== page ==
In 2014, Lin's design was adopted as the Beijing 2022 bid emblem. Now, her designs have again been selected as the final emblems of the 2022 Beijing Olympic and Paralympic Winter Games.

 

With its origin in the Chinese character "dong" (winter), the Olympic emblem integrates the spirit of Chinese calligraphy and eastern cultural heritage with a modern, global style.

 

It represents a new image of and dream for China. It also expresses China's vision and determination to host "a fantastic, extraordinary and excellent" Winter Olympics and Paralympics, and to encourage 300 million people in the country to participate in winter sports. At the top of the emblem is a skater rushing forward, while at the bottom is a skier. The dynamic lines in the middle represent the mountains and trails in the snow seen during winter sports, and the silk ribbons which are often used when Chinese people celebrate the Lunar New Year, which will overlap with Beijing 2022.

 

The Paralympic emblem, featuring an athlete-centered concept, also combines Chinese calligraphy and Paralympic winter sports. Oriented around the Chinese character "fei" (flight), the emblem is an abstract image of an athlete who is fighting for victory, highlighting the spirit of and inspiration for the Paralympic Winter Games.

 

"The Olympic emblem was initially drawn on the idea of the Chinese character 'dong' (winter) in the bid emblem, with the character rendered in Chinese calligraphy representing Chinese culture. Meanwhile, a pattern combining ice-sports and snow-sports was used to represent the Olympic Games," Lin said.

 

"The design was guided by the athlete-centered concept of the Games. The questions we had to ask ourselves were these: How to make it different from the bid emblem and how to showcase the athlete-centered concept? Those required a lot of research. As the Winter Games have both ice sports and snow sports, the emblem has to be an abstract expression of both."

 

Last December, after rounds of selection, Lin's design, No. 801 in the system used by the emblem review committee, emerged from a total of 4,506 designs submitted from all over the world.

 

But the joy of triumph was soon displaced by the need to undertake intensive revision work. Lin said she and a group from the China Central Academy of Fine Arts had made the revisions repeatedly from January to November, and there were occasions when she was pushed onto the verge of collapse.

 

"When you have to restart over and over again, you turn numb to things like graphics," Lin said.

 

However, Lin did not give up. In a small office at China Central Academy of Fine Arts, she led her team to have in-depth discussions with experts. Together, they continuously readjusted their designs.

 

Lin worked like crazy for quite some time, according to her students. Lin said she was truly delighted to see every, incremental improvement of her designs.

 

"People always ask me where the inspiration comes from, but I think design needs to be down-to-earth. Sometimes inspiration occurs, but for most of the time, you have to revise your design little by little and make it closer to perfect," she said.

 

Compared with the design for "Winter Dream," the design of the emblem "Flying High" posed even greater challenges for Lin.

 

"How to make the two emblems related, but distinct? The emblem for the Paralympics should communicate the identity of the Paralympics. It took me a very long time to think it over," she recalled.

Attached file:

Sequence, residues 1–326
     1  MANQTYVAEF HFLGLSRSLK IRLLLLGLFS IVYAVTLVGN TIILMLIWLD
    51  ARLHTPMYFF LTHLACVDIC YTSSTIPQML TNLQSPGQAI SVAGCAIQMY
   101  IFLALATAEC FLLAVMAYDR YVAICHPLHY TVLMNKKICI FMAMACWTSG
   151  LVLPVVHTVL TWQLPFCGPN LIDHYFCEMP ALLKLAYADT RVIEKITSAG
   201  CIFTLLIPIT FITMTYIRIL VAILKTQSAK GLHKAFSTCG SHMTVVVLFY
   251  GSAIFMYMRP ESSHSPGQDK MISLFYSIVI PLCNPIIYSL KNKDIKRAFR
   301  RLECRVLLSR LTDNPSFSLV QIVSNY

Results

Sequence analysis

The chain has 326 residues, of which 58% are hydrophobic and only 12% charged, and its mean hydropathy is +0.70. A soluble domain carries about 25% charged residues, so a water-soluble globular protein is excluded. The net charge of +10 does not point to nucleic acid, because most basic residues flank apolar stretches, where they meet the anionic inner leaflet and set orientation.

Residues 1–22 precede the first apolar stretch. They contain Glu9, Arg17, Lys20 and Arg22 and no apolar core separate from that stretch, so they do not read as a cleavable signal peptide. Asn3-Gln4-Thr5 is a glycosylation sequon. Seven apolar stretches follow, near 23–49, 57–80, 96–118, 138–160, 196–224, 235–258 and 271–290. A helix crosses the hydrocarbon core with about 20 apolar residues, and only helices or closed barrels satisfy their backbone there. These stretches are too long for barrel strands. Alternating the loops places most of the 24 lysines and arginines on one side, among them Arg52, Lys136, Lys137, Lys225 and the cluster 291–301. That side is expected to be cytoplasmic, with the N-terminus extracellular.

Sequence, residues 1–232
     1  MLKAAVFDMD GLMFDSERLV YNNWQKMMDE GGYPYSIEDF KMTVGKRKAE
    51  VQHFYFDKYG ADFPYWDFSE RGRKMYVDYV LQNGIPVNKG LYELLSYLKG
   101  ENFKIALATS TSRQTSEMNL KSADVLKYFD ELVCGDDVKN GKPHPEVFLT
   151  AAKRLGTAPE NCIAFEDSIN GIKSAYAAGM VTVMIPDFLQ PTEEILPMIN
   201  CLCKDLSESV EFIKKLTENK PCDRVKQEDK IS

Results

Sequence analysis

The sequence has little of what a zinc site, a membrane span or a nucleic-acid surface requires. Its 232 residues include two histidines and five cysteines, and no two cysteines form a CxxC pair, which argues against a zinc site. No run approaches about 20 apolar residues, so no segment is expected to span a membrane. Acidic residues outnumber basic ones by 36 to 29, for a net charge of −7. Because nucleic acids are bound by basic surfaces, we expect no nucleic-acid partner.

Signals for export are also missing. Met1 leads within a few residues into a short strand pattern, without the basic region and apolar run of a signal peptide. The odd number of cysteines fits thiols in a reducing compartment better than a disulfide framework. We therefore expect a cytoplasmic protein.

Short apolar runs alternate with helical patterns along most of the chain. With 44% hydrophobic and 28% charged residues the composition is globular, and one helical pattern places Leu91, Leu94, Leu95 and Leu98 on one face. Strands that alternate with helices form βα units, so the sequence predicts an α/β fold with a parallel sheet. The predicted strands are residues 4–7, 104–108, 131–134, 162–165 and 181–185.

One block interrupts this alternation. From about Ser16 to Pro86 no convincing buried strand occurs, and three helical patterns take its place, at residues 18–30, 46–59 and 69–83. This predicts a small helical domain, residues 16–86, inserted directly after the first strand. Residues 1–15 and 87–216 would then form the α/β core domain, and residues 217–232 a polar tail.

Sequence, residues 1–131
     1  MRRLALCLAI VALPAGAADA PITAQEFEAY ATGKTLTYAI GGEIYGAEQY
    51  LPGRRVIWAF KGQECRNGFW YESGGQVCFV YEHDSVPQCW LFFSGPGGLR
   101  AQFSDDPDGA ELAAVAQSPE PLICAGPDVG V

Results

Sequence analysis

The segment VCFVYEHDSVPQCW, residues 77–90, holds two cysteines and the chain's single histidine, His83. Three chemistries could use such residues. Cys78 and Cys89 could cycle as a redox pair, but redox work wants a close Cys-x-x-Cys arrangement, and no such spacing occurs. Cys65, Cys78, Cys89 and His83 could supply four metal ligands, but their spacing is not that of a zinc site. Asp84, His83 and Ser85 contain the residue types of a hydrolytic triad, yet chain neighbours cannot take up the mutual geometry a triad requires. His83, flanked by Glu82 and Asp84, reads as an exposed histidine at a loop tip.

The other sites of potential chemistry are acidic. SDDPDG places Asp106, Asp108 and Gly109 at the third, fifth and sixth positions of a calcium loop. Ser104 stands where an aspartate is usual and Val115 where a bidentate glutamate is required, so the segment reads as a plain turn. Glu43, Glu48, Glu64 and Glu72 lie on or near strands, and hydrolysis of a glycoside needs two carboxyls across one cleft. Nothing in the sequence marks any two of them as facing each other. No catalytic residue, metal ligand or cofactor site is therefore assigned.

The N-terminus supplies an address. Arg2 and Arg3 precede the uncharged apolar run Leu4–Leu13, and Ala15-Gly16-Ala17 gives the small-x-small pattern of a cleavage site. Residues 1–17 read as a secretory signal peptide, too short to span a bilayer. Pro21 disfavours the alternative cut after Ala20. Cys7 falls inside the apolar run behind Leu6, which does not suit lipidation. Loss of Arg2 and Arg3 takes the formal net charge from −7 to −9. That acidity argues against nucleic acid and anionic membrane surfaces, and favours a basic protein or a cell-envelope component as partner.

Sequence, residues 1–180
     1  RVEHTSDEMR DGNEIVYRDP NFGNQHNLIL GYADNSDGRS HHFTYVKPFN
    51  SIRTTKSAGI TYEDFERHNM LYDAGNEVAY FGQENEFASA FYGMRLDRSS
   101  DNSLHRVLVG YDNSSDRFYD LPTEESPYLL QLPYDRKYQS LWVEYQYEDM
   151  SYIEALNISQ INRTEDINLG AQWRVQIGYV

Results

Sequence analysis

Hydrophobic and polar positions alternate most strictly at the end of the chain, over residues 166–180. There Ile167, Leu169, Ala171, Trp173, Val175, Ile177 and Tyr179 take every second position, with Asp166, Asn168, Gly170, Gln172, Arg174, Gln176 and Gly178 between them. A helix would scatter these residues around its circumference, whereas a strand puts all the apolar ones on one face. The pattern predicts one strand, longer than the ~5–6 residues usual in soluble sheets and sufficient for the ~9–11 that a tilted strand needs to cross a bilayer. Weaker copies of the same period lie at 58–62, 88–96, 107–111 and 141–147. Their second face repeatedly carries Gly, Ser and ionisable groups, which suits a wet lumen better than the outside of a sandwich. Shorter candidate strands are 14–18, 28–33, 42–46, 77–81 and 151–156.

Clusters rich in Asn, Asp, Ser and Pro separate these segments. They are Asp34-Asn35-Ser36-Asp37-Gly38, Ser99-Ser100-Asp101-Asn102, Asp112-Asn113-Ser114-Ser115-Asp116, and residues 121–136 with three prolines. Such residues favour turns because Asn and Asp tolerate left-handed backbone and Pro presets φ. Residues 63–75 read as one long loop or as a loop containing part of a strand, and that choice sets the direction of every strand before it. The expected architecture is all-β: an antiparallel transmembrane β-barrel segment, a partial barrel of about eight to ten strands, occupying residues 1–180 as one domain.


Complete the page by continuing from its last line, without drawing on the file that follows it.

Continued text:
Lin said following the idea of designing the "Winter Dream" logo, she tried many times to look for a Chinese character that could be featured in the emblem "Flying High."

 

"We tried many characters, such as 'fei' (flight), 'meng' (dream), 'mei' (beauty) and 'xin' (heart). But when they were put together with 'dong,' people would read them together and have new interpretations. We tried to avoid that."

 

To find an idea, Lin began to watch videos and pictures of previous Paralympic Winter Games. Finally, she decided to use an abstract pattern instead of a character.

 

"The final version of the Paralympic emblem 'Flying High' comes from the Chinese character 'fei' (flight), but it changes into the character for sports as the emblem showcases both the inner strength and the fast speeds achieved by Paralympic athletes," said Lin.

 

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Wow. The shop is packed for this early. There is a nice vase and a pin set of a map of the venues. I am not seeing an English translation, but if you are not shipping out side of China you don't really need to. They are taking Mastercard as well as Visa. Isn't that a No No?  Why do all of the sight not deliver outside of the host country. It is limits the sales? Not even after the Games?

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It's very very similar to candidature logo so i didn't realize that logo been actully annouced, :P i thought they still using old one, but when i seen they been using logo everywhere in Pyongchang i realized that this is actual logo

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7 minutes ago, Shadowriver said:

It's very very similar to candidature logo so i didn't realize that logo been actully annouced, :P i thought they still using old one, but when i seen they been using logo everywhere in Pyongchang i realized that this is actual logo

Well, the artist of the final logo was also the same person who designed the bid one. So it's understandable why it looks similar :P 

I like it though. After two weird/oversimplistic logos in 2018 and 2020 it's nice to see another complex one like Rio's. 

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1 minute ago, Ikarus360 said:

Well, the artist of the final logo was also the same person who designed the bid one. So it's understandable why it looks similar :P 

I like it though. After two weird/oversimplistic logos in 2018 and 2020 it's nice to see another complex one like Rio's. 

This is probably first case i seen :P And I absolutely agree, yea i forgot to mention that we finally getting some more colorful logo, i think London 2012 to even past logos to 2004 been more interesting then Pyongchang and Tokyo. I really love gradient logos and when they add some 3D elements to it, thats why Rio is my favorite Olympic logo so far, they hired really good company working on them (looking on there presentation videos), medals on other hand was meh :P